Morel-Lavallée lesion of the knee

A 24-year-old female player presents after an innocuous twisting injury to her left knee. This was sustained whilst attempting a slide tackle. She reports that her knee became swollen (over a few hours) and was painful. She did attempt to play the following day, albeit with pain. On examination there was localised swelling about the medial aspect of her knee, tenderness around the medial patellar retinaculum and limited knee flexion. There were no other significant findings.

X-ray images of the left knee were normal. On MRI there is soft tissue swelling over the anterior and medial aspect of the knee. There is complex fluid signal intensity of the prepatellar and prepatellar tendon bursae. There is mixed signal intensity (likely to represent haemorrhagic material) within the medial aspect of the bursal fluid/haemorrhagic effusion.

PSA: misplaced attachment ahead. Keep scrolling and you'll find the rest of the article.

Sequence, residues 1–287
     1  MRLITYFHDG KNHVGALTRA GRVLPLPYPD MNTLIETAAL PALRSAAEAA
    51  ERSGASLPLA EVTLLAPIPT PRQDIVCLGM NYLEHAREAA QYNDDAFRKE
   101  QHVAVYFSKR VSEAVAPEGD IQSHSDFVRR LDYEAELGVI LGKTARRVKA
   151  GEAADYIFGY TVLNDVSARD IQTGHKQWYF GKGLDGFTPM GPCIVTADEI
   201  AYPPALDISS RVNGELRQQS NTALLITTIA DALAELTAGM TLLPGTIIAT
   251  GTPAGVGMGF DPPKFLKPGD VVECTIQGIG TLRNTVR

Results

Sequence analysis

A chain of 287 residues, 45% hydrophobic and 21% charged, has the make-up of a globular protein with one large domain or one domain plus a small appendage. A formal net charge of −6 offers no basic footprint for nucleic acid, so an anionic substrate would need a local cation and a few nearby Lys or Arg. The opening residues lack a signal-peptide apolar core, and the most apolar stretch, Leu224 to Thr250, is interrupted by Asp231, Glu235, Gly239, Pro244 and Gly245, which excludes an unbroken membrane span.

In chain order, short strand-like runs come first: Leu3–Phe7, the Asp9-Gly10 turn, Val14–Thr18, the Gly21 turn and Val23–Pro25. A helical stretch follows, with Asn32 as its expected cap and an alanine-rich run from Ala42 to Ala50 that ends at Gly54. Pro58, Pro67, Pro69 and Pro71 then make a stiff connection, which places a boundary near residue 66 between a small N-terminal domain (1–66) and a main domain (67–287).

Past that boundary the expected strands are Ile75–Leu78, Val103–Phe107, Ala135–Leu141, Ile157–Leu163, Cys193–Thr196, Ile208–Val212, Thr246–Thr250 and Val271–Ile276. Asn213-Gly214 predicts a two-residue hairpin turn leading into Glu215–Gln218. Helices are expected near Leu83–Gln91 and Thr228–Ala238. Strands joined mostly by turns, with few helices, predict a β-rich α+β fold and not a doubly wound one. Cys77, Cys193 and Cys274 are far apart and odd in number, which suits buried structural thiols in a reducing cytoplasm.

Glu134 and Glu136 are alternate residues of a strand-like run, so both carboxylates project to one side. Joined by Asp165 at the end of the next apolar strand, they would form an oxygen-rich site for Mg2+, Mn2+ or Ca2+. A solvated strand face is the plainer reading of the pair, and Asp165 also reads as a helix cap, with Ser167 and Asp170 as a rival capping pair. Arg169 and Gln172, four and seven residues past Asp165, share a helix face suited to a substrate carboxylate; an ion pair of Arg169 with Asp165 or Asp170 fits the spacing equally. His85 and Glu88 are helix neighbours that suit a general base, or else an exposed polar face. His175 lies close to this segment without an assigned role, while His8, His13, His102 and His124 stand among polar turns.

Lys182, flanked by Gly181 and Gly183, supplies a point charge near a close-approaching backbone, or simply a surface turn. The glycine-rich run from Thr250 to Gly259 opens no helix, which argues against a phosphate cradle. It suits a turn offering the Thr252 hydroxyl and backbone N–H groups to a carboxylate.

This player was diagnosed with a Morel-Lavallée Lesion (MLL) of the knee. She was managed with a short period of rest followed by a progressive re-introduction to training. She was initially more comfortable playing and training with a compressive knee sleeve. She did not require any other formal treatment. She was back to playing comfortably, albeit with some residual swelling, approximately one month after her injury.
MLL are a closed de-gloving injury that occur as a result of a shearing injury that separates the skin and subcutaneous tissue from the underlying fascia. This condition was first described by a French physician, Maurice Morel-Lavallée, in the 1853. The most common site for this pathology is the hip or lateral thigh. MRI is the preferred imaging modality of choice in the evaluation of MLLs. The signal characteristics of the lesions depend on their chronicity and their contents (fluid, methemoglobin or fat are common). Knee MLLs are relatively uncommon. When they do occur they more frequently affect the medial, rather than lateral, side of the knee. Based on a cadaveric study this may be due to the lower resistance in this location. In most cases time and observation are effective treatments. When there is a defined ‘capsule’, non-surgical treatment is less likely to be successful and surgical management should be considered.

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